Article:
“I’d like to think that good music doesn’t go out of fashion,” he said. “Good music is good music.”
Still, he wants listeners to get their money’s worth, playing the hits as well as new material.
“We want them to be entertained — (that’s) the biggest thing,” he said. “We’re not a flashy band. We don’t put on a big stage show — there’s no dancing girls or animals involved. But the reaction we get most of the time, is when we look at audience, we see people sitting there with their eyes rolled back, looking off into space and they’re mouthing the words to the songs, because they’ve known them so long. And they’re transported back into a time when that music was part of their soundtrack.
“That’s exactly what we’re trying to deliver. Our band is a great band. We’re all very well-accomplished players, and we kick it right in the rear. Every time we go onstage, we don’t leave anything back, so they get what they’re paying their money for, and we give it to them good. That’s just respect — they’re paying their hard-earned money, especially these days. …
“We don’t take our job for granted.”
But the years haven’t all been smooth sailing. Reilly has worn many hats with the band. He joined in 1972, right after the album “Bustin’ Out” was released. He was already in rehearsals with Maria Muldaur, and wasn’t available for that project.
Shortly after joining Pure Prairie League, however, he stepped into the lead role when co-founder and guitarist Craig Fuller was denied conscientious objector status for draft evasion and was sentenced to six months in jail. He served his time in 1973, and President Gerald Ford eventually pardoned him. But Reilly said Fuller’s heart was no longer in the music, and after playing a few shows with the band, he left the group.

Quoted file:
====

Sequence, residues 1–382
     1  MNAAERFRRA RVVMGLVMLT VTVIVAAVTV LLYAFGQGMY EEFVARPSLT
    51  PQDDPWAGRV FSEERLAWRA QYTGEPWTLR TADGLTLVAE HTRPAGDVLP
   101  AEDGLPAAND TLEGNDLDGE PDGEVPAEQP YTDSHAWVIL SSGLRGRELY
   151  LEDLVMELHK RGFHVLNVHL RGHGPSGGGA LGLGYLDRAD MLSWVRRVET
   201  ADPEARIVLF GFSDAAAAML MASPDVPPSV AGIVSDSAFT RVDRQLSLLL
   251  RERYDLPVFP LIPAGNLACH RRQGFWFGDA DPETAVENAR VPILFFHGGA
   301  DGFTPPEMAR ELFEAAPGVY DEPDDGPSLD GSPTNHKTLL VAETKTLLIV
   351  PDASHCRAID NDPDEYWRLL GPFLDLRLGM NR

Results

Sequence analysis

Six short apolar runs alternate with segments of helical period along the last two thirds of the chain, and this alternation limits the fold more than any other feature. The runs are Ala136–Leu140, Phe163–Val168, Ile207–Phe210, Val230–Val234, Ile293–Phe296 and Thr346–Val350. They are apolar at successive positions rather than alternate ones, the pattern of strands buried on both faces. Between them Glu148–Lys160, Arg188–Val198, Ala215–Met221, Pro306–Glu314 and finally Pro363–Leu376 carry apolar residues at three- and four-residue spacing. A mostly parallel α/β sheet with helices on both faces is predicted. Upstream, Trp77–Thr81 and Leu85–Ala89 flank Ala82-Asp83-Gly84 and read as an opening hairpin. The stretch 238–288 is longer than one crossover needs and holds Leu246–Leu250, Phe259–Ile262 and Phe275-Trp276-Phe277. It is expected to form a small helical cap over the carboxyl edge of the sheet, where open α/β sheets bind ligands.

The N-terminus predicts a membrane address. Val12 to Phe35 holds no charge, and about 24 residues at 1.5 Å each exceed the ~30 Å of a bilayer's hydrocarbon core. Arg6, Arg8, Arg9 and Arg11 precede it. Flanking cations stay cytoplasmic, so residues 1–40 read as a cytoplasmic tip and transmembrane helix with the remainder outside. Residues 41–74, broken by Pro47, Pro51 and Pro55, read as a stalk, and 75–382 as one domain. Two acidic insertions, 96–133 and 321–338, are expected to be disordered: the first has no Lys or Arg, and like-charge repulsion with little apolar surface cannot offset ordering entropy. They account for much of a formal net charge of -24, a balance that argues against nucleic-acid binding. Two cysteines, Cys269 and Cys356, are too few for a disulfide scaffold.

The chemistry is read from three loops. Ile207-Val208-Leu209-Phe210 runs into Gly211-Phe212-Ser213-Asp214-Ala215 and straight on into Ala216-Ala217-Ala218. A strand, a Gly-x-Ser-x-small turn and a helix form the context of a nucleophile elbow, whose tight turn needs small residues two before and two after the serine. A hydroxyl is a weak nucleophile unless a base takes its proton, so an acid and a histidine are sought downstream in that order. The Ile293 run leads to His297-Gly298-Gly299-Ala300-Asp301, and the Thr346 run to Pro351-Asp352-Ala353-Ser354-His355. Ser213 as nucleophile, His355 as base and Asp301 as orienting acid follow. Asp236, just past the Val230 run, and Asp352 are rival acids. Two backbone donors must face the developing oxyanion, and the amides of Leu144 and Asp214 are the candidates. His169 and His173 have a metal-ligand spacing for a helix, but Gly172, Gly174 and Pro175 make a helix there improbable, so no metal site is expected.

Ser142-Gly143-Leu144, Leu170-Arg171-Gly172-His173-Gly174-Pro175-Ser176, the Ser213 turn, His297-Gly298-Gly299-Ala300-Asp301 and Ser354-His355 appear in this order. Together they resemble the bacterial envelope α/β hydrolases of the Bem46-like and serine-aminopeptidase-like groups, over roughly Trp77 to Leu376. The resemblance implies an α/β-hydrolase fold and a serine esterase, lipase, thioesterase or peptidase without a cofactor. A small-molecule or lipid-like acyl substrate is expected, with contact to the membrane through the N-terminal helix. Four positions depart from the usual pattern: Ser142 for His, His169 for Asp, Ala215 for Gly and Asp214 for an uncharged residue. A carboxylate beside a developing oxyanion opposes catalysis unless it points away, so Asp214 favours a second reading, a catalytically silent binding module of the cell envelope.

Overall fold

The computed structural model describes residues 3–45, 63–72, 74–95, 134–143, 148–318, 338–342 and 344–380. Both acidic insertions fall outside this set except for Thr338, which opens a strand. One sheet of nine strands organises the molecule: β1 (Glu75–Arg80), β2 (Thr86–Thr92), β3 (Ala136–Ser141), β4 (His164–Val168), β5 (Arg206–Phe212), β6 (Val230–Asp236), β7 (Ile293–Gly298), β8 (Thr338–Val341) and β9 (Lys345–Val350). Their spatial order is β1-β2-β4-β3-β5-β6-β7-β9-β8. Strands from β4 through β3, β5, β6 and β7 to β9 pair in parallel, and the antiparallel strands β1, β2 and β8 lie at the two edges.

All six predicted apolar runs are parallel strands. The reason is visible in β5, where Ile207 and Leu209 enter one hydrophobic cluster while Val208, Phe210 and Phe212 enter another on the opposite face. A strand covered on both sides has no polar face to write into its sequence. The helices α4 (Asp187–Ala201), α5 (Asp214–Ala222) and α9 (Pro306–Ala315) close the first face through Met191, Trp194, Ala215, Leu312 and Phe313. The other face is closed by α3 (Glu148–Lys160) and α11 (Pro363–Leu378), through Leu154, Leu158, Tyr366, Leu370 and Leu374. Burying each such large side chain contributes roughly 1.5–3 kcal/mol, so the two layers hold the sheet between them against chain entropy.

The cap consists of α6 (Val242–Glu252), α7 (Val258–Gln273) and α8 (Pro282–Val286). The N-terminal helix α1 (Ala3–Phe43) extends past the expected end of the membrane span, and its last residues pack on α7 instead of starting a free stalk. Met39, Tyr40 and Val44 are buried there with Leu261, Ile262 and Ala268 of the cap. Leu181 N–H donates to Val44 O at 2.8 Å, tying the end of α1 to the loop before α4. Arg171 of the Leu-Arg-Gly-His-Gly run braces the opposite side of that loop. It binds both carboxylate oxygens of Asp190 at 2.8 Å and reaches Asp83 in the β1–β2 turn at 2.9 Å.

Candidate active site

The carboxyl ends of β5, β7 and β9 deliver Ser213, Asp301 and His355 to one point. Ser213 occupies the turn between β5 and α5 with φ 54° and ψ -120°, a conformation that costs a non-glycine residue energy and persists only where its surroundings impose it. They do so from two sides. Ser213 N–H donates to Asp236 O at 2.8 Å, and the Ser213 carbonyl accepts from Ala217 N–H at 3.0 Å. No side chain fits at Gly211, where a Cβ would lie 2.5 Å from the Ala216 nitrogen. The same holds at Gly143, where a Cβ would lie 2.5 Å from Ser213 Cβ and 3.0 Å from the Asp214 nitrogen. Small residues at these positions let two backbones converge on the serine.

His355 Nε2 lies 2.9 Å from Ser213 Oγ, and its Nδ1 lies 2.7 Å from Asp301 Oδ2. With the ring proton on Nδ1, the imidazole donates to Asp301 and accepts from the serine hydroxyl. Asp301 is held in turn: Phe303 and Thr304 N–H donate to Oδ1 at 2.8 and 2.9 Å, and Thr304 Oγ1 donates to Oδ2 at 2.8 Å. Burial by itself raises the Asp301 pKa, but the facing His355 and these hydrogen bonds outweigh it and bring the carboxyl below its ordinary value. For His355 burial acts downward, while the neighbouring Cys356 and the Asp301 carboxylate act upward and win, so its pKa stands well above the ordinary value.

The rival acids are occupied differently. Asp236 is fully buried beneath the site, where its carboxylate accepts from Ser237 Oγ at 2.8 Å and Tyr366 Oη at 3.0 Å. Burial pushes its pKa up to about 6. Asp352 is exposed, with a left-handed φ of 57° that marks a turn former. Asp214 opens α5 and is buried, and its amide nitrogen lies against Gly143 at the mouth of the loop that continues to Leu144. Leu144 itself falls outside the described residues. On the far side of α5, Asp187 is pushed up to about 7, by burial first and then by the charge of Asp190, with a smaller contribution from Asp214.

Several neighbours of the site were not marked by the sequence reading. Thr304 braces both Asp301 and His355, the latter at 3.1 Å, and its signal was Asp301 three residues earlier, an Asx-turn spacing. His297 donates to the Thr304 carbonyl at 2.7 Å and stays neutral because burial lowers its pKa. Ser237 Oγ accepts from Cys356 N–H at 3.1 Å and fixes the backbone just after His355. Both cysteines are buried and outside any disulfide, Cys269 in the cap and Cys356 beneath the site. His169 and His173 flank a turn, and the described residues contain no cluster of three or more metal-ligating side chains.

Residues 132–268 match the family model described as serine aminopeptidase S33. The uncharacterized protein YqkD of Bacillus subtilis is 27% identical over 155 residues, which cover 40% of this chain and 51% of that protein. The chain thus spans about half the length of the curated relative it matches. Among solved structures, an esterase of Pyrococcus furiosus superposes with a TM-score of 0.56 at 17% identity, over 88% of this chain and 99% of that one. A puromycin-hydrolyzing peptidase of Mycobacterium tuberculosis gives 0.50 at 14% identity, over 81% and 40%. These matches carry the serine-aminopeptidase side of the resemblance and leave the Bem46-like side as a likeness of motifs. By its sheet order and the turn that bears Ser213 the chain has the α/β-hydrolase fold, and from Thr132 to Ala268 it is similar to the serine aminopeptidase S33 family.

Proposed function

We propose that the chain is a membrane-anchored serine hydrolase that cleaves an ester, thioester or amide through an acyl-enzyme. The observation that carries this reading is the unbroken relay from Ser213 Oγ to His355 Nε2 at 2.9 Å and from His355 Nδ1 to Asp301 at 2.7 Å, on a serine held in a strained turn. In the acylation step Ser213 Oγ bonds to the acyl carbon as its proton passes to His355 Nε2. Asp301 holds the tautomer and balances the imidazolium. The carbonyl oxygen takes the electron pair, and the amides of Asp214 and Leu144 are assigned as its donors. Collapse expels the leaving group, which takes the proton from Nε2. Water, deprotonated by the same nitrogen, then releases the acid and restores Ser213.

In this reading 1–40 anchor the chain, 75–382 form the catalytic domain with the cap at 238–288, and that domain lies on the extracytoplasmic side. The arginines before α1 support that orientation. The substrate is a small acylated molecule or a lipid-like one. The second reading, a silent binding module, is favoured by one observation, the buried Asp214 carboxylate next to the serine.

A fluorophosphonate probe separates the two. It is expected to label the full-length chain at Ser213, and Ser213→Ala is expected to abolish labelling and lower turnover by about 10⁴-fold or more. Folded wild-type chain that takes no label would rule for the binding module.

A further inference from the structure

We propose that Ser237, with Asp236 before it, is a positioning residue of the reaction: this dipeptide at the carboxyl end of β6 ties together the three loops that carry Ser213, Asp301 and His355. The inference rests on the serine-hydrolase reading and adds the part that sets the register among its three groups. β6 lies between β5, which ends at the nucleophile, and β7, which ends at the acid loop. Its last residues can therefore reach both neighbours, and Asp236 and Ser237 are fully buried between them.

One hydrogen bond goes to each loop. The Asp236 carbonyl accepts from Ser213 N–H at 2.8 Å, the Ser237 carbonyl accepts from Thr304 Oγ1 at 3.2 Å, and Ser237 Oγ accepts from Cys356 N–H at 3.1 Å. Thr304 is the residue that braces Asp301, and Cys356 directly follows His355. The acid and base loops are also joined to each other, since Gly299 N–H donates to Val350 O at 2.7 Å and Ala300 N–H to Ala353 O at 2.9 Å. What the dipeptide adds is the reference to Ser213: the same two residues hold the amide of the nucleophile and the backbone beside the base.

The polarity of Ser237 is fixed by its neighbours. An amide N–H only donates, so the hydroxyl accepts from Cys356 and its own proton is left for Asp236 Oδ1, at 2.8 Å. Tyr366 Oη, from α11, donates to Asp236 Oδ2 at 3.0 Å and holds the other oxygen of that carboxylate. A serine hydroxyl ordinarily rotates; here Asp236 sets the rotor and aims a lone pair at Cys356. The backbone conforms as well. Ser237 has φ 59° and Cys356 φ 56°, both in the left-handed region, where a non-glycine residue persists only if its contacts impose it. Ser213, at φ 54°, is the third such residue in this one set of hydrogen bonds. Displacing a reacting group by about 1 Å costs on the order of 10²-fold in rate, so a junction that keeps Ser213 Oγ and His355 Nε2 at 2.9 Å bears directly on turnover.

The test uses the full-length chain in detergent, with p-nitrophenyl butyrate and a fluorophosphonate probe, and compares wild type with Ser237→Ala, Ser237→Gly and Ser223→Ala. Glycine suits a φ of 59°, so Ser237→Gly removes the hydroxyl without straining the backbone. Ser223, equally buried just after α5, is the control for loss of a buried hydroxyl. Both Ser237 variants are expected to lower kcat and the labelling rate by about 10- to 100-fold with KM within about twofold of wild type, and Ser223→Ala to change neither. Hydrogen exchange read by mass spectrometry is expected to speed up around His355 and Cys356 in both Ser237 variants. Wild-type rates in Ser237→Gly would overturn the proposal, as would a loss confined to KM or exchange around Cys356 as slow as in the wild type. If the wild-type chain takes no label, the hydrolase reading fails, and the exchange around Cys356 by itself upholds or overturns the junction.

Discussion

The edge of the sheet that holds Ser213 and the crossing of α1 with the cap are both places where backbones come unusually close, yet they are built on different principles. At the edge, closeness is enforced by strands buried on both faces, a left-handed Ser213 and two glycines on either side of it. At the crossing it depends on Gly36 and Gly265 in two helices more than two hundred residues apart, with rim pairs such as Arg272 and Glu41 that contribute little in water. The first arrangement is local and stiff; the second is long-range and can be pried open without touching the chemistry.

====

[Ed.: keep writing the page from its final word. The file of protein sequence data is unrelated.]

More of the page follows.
While Fuller’s troubles “threw a monkey wrench into the works,” Reilly said the rest of the crew “decided to keep the torch in the race” and forge ahead.
That attitude has been the secret to their success.
“The main thing is, we all believed in the music and what we’re doing, and we like playing together,” he said. “It’s just one of those things where love what we do and made it a life’s work.”
Reilly has had to overcome another huge hurdle, as well, when he had a liver transplant in 2006. He suffered from an undiagnosed case of hepatitis C, contracted from a blood transfusion following a motorcycle accident in 1969. The disease didn’t show up until around 2000, he said, when it went chronic. By 2006, he was in the hospital, waiting six months for a donor liver.
“I’m like the poster child for successful liver transplantation, although I did have it done by the right hand of God,” he said.
But that wasn’t the beginning or end of his ordeal. He has a rare blood type, and on what would become the night before his transplant, he told his wife to bring his sons to the hospital at 9 a.m., convinced “they were going to pull the plug at noon.”
“That’s how close I was,” he said. “They woke me up at 5 o’clock in the morning and said that a guy in Los Angeles who matched my blood type had a motorcycle accident, and they didn’t even have to transport the liver. They harvested the organ right there (and) drug me onto the table. I’m one lucky sun of a gun.”
And then his luck almost ran out.
“Stupid me, I got out of the hospital after the initial transplant, and six weeks later I went to San Diego to do a gig to prove to myself that I’m invincible, I can do anything, and I wound up back in hospital for six more months. So I learned my lesson. …
“Obviously, God wanted me to play some more Pure Prairie League music.”